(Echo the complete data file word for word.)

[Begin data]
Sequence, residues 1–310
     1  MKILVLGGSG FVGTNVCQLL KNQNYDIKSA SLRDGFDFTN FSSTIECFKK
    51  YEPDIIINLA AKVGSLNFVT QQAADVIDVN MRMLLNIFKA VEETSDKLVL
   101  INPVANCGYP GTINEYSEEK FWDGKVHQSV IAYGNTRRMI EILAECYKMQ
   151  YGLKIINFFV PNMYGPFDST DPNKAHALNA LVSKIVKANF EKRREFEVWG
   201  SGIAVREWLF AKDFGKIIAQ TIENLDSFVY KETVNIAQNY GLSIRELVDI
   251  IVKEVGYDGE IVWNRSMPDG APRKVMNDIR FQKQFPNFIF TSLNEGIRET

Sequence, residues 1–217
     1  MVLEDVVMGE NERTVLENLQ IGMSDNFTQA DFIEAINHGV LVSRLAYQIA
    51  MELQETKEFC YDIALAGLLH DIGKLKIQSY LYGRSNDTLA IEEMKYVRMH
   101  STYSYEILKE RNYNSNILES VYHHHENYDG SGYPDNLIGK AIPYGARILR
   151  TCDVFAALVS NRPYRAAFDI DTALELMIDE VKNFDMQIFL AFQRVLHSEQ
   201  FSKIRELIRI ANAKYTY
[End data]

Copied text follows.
Sequence, residues 1–310
     1  MKILVLGGSG FVGTNVCQLL KNQNYDIKSA SLRDGFDFTN FSSTIECFKK
    51  YEPDIIINLA AKVGSLNFVT QQAADVIDVN MRMLLNIFKA VEETSDKLVL
   101  INPVANCGYP GTINEYSEEK FWDGKVHQSV IAYGNTRRMI EILAECYKMQ
   151  YGLKIINFFV PNMYGPFDST DPNKAHALNA LVSKIVKANF EKRREFEVWG
   201  SGIAVREWLF AKDFGKIIAQ TIENLDSFVY KETVNIAQNY GLSIRELVDI
   251  IVKEVGYDGE IVWNRSMPDG APRKVMNDIR FQKQFPNFIF TSLNEGIRET

Sequence, residues 1–217
     1  MVLEDVVMGE NERTVLENLQ IGMSDNFTQA DFIEAINHGV LVSRLAYQIA
    51  MELQETKEFC YDIALAGLLH DIGKLKIQSY LYGRSNDTLA IEEMKYVRMH
   101  STYSYEILKE RNYNSNILES VYHHHENYDG SGYPDNLIGK AIPYGARILR
   151  TCDVFAALVS NRPYRAAFDI DTALELMIDE VKNFDMQIFL AFQRVLHSEQ
   201  FSKIRELIRI ANAKYTY